Listen To Spectacular Predawn Chorus

By Scott Shalaway
IF YOU HAVE ever wondered why birders start their days well before dawn, it’s because that’s when birds begin their day.

Last summer I reported that, on July 24-26, I rose at 4 a.m. to monitor the midsummer dawn chorus. I recorded the first bird song at 5:53 a.m., a cardinal, and subjectively concluded that the chorus peaked from 5:34 to 6:07, eight minutes before the sun rose at 6:15. Since then, I’ve been anxious to repeat the experiment during the nesting season. As expected, the spring concert began earlier.

On May 9-10, I again rose at 4 a.m. and began listening intently. According to the U.S. Naval Observatory, astronomical twilight began at 4:27 a.m. That’s when the sun is 18 degrees below the horizon and begins to illuminate the eastern sky.

At 4:58, I heard the first unidentifiable, distant voices in woods. At 5:05, a neighbor’s rooster crowed. The first cardinal sang at 5:06, followed by a Song Sparrow at 5:11. The birds had begun to awaken.

At 5:15, I noted that several cardinals were singing every few seconds. They were soon joined by Great-crested Flycatchers (5:17), robins and Wood Thrushes (5:18) and Scarlet Tanagers (5:26). At this point, I described the chorus as, “continuous, just brief moments between songs.”

More species quickly chimed in: Gray Catbird (5:28), Eastern Towhee (5:32), Eastern Phoebe (5:33), Carolina Chickadee (5:34), Carolina Wren (5:35) and Mourning Dove (5:40). At 5:44, the horizon was clearly defined, marking the onset of civil twilight.

At 5:47, a turkey gobbled, and I wrote, “It’s now hard to pick out individual songs. The birds are all singing on top of each other.”

I was hearing the crescendo of the morning chorus. The frenzied cacophony would continue for 18 minutes as the following birds joined in: House Wren (5:51), Tennessee Warbler (5:52, and at this moment, the day’s first hummingbird arrived for breakfast), Yellow Warbler (5:54), Brown-headed Cowbird (5:55), Yellow-billed Cuckoo (5:56),Tufted Titmouse and Blue-winged Warbler (6:02), Downy Woodpecker (6:03), Eastern Bluebird (6:04) and Blue-gray Gnatcatcher (6:05).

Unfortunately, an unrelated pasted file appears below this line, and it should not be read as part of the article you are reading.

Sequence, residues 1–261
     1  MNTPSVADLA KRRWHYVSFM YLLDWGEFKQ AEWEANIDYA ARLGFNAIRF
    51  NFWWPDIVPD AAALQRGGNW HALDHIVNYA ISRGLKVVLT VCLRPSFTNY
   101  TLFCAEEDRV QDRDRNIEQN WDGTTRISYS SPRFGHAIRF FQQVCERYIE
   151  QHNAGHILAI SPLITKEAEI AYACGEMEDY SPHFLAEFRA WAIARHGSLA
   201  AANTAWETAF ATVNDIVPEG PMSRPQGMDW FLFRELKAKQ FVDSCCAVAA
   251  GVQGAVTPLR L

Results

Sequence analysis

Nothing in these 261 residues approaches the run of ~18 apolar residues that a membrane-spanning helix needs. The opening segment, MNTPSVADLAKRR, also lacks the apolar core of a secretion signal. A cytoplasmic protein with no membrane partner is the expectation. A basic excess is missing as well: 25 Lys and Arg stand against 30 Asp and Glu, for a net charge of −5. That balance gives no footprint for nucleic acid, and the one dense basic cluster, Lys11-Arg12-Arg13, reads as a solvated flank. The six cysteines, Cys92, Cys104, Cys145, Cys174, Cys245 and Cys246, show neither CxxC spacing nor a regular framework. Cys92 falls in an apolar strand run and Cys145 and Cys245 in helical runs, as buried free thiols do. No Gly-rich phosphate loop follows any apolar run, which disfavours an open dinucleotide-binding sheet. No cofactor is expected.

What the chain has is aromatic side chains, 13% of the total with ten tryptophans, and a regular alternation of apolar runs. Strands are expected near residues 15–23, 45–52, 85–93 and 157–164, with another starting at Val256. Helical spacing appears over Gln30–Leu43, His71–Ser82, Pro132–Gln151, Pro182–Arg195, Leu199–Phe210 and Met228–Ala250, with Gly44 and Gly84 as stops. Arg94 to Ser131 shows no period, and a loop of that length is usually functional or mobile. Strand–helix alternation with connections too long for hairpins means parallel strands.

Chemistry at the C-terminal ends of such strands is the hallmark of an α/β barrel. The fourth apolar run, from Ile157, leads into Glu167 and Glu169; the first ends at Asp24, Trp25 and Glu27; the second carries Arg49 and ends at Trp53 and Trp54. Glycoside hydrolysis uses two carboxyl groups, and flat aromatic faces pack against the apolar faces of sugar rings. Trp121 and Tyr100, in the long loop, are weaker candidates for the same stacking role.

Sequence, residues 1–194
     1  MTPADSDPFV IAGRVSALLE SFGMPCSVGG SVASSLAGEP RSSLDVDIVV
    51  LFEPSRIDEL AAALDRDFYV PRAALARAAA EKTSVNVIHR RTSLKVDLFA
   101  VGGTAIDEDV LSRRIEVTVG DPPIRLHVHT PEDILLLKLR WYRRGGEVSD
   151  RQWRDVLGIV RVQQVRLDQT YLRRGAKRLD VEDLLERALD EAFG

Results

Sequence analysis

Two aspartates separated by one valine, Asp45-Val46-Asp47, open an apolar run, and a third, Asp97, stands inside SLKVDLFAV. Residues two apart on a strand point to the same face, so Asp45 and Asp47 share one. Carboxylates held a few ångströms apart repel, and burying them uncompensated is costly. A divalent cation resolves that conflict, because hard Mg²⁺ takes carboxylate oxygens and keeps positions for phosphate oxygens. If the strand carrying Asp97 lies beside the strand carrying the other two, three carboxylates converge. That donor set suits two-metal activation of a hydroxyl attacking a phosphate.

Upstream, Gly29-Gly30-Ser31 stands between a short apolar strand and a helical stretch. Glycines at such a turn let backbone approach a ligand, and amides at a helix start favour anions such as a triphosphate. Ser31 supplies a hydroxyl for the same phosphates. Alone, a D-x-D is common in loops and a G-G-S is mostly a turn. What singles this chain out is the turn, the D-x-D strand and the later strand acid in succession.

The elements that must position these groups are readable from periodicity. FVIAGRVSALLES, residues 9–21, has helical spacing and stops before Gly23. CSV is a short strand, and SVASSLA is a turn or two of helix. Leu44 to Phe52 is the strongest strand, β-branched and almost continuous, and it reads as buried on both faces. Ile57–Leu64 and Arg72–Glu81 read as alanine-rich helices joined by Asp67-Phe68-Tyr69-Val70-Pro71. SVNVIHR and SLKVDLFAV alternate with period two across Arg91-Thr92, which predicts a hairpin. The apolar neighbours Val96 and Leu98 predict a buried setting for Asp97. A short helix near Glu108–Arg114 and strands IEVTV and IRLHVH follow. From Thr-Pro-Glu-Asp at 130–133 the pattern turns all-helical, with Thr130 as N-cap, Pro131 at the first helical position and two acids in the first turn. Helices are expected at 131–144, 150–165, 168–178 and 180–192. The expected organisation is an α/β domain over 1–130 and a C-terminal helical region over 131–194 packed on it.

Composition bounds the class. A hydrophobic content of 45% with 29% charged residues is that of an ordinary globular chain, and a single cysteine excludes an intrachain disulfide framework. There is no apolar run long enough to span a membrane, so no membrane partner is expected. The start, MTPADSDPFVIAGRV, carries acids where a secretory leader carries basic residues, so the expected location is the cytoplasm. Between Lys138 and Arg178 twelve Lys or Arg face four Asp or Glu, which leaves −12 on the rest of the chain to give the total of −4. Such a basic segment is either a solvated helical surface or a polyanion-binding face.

From 5:47 to 6:05, every bird listed so far sang repeatedly and insistently. Cardinals, towhees, phoebes and Carolina Wrens sang loudest. At any given moment, I could hear three or four individuals of these dominant species. I struggled to ignore them so I could hear the others. At 6:06, eight minutes before sunrise, the intensity of the morning chorus began to fade. More voices were yet to come, but picking out individual songs began to get easier.

At 6:07, I heard a Chipping Sparrow, a crow, a Common Yellowthroat and, at 6:11, a White-eyed Vireo. The sun rose at 6:14 and eventually the sleepy-heads joined in: Baltimore Oriole (6:17), indigo Bunting (6:25), Field Sparrow (6:28) and Rose-breasted Grosbeak (6:34). Most birds continue to sing until midmorning, but the chorus peaks early.

Though human ears might have difficulty identifying the individual members of a chorus consisting of dozens of singers, the birds do not. Each responds only to its own species’ songs. Males interpret another male’s song as a territorial keep-out signal, while females hear the same song as an invitation to bond and mate.

And the “noise” created during the peak of the predawn chorus is no doubt as confusing to predators as it is to birders. Screech Owls, for example, which actively hunt for song birds at dawn and dusk, surely have trouble locking in on the sound of one potential prey item when many are singing at once.

Birders, especially beginners, assume that getting in the field at dawn is necessary for the best experience. As I found last summer and again last week, however, the peak of the morning chorus is already over at dawn. To hear the springtime, limited engagement of the most spectacular choir on the planet, get to the woods at least an hour before dawn.

And even if you can’t identify all the bird songs you hear, anyone can recognize that there are many voices in the choir. With time and experience, you’ll recognize the orioles, towhees, and robins in the dawn chorus as easily as the flutes and violins in an orchestra. –Pittsburgh Post Gazette